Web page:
Drop The Temp: Heres How Much Attic Fan Installation Costs

Kenneth Wilson

In the summer months, excessive heat may only collect in your attic space – compromising your comfort and causing your home energy bills to increase (or remain high). An attic fan is a relatively low cost solution that can pull the hot air out of the attic lowering your interior temps.  As a rule of thumb an attic fan can lower attic temperatures by degrees which leads to about a 10 degree difference in your living area.  

Expect installing a roof turbine attic fan on a 1900 sqft house (needed 1900 CFM) to cost $500-600 or an electric fan to cost $800 - $1,000. Read below to learn about the types of attic fans.  There are various types of attic fans (in different sizes) to meet other home needs. Note that certain fan types may only increase the project’s associated costs.

Total expenses are also dependent on several factors, including permits, chosen material, and wiring. The cost to install a whole house attic fan is a worthwhile investment if you think about its benefits in cooling your home during scorching days.

Additionally, these fans can also pull the moisture and odors away from home. It increases the lifespan of your roofing in the process. 

Factors Affecting Attic Fan Installation Costs

In setting your budget for attic fan installation costs, first, determine where your money gets spent so you can figure out various saving opportunities. Suppose you can afford a little more budget. In that case, you may even include some additions or enhancements.

Let’s discuss some of the most defining variables that may affect the total project costs:

Type of Attic Fan

Generally, five different attic fan types range from $115 to $1,150. It includes passive, turbine, exhaust, electric, solar, and dual-powered attic fans.

Note that every type of fan entails unique installation requirements, which may then hike up the costs. For instance, attic electric fan installation will cost you more than other options as it will require you to seek the services of a carpenter and electrician. This attic fan type is also typically installed in the roof or gable, making it more expensive.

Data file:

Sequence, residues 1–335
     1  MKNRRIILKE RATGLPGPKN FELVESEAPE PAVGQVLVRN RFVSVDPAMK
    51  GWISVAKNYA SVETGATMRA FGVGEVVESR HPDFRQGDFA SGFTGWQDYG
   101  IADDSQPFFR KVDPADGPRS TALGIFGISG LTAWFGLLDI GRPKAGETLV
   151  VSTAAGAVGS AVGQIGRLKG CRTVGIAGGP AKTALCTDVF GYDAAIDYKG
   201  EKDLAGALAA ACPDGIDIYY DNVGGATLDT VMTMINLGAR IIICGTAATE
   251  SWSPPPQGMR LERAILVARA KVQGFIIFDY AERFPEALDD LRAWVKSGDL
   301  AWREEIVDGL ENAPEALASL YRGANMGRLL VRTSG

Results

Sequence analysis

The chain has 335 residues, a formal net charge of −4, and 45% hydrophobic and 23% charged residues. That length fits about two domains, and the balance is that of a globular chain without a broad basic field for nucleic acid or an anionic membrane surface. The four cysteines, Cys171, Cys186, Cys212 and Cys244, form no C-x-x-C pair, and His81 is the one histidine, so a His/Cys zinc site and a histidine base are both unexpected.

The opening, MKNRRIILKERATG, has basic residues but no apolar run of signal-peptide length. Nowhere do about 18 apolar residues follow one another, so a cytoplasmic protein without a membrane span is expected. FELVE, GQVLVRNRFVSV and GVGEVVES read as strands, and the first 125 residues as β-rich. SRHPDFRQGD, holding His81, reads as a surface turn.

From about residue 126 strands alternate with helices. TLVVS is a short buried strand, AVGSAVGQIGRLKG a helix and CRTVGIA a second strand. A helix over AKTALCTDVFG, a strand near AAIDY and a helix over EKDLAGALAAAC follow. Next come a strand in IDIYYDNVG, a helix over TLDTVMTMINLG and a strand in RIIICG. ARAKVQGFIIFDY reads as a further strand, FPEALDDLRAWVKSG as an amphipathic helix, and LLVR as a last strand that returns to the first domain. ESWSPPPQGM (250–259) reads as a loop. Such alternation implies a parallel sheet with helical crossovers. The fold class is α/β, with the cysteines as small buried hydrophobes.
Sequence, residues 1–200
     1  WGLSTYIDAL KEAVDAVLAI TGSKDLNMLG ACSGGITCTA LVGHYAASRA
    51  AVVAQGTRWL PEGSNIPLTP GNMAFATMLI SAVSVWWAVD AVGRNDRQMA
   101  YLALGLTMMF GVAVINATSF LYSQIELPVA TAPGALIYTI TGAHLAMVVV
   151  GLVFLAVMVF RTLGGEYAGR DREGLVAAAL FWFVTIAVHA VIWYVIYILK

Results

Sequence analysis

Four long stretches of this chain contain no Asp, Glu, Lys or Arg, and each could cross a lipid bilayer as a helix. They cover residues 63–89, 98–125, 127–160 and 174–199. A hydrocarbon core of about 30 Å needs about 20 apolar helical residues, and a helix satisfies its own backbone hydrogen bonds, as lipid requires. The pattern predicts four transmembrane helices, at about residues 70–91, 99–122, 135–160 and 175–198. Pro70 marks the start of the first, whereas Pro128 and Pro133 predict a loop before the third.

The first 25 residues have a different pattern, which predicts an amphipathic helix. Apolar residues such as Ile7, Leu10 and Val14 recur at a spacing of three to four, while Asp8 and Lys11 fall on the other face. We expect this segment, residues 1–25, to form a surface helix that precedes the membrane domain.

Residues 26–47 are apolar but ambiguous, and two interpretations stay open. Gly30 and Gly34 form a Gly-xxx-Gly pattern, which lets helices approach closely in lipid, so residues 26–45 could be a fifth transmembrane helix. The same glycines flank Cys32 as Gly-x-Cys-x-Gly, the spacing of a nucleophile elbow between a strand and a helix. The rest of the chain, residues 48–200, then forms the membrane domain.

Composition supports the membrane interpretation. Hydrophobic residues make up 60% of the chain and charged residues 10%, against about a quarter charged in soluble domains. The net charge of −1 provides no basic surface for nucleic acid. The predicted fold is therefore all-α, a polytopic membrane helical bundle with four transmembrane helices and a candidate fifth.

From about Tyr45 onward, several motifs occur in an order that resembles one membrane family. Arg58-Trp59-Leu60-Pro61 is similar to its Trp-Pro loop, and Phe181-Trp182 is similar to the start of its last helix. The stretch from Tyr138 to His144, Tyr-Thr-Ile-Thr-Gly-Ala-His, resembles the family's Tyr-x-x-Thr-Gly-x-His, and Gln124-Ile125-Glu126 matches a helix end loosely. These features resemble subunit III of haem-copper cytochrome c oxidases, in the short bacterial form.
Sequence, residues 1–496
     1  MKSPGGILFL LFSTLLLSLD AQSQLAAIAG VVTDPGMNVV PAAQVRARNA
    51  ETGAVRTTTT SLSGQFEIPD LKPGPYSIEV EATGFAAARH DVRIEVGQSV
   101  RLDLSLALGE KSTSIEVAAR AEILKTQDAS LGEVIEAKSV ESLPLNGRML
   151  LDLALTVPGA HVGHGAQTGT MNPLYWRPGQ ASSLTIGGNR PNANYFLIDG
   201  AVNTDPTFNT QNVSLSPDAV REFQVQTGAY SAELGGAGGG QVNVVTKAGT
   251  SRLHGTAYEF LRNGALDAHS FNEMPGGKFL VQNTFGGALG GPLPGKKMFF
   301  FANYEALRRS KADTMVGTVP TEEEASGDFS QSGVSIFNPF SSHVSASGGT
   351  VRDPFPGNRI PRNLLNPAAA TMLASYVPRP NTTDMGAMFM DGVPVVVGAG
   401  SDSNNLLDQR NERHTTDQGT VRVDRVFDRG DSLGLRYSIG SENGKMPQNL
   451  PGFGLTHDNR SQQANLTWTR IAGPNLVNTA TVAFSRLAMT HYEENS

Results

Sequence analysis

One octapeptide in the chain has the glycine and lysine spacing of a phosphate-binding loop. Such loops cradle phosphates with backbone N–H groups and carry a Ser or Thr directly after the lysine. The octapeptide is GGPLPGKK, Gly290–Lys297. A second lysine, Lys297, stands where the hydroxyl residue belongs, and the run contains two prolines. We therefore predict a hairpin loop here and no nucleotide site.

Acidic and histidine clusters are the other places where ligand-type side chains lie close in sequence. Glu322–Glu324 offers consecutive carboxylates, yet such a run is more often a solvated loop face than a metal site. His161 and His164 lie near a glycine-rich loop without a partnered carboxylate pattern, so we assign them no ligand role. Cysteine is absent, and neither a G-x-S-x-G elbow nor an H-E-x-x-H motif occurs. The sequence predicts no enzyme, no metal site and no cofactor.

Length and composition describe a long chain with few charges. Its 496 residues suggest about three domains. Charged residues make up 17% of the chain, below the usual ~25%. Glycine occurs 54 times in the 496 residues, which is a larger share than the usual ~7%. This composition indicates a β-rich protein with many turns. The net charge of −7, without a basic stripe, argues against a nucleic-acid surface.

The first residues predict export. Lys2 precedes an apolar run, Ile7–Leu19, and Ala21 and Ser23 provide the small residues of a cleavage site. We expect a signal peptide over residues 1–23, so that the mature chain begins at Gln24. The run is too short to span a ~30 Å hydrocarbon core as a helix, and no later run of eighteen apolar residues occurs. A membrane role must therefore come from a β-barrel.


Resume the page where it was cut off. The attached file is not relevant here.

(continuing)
Here’s a quick rundown of the five different types of attic fans and their average costs:

Attic Fan Type

Average Costs

Passive Fan

$86 - $115

Roof Turbine

$115 - $172

Attic Exhaust Fan

$115 - $517

Electric Attic Fan

$115 - $517

Solar Fan

$345 - $1,150

Dual Powered Fan

$345 - $1,150

  • Passive Fan - Passive attic fans are considered the most cost-effective option, ranging from $86 to $115. Homeowners working with a limited budget can benefit from this choice. This type of attic fan doesn’t need electricity to work, and it also impacts the entire house’s natural airflow. However, you won’t have a way to control its operation since you cannot hook it to a thermostat. Those who have the roof reshingled often take the opportunity to install a passive attic fan. Nonetheless, you may also opt to hire a local carpenter or roofer for the installation. 
  • Roof Turbine - If you’re looking for a more efficient choice than passive fans, roof turbine attic fans also prove to be a popular option. It will cost you $115 to $172 on average. It works with the natural airflow of the house– spinning as the hot air pushes against the turbine. Since it also doesn’t require electricity for power, you will still be unable to use a thermostat at your convenience. One downside is that a roof turbine attic fan may allow rainwater to enter the area, especially during heavy rains. If your property is located in an area with frequent rain showers, this may not be the most suitable option for your needs. 
  • Attic Exhaust Fan - Standard attic exhaust fan installation costs $115 to $517 for either passive or electric units. Note that passive units cannot be connected to a thermostat, but they are energy-efficient and will help you cut costs on power bills. In contrast, electric exhaust fans are more convenient to use since you have thermostat control. Many attic exhaust fans are installed after a home gets reshingled. It is typically installed in the roof’s ridgeline or the end of the gable.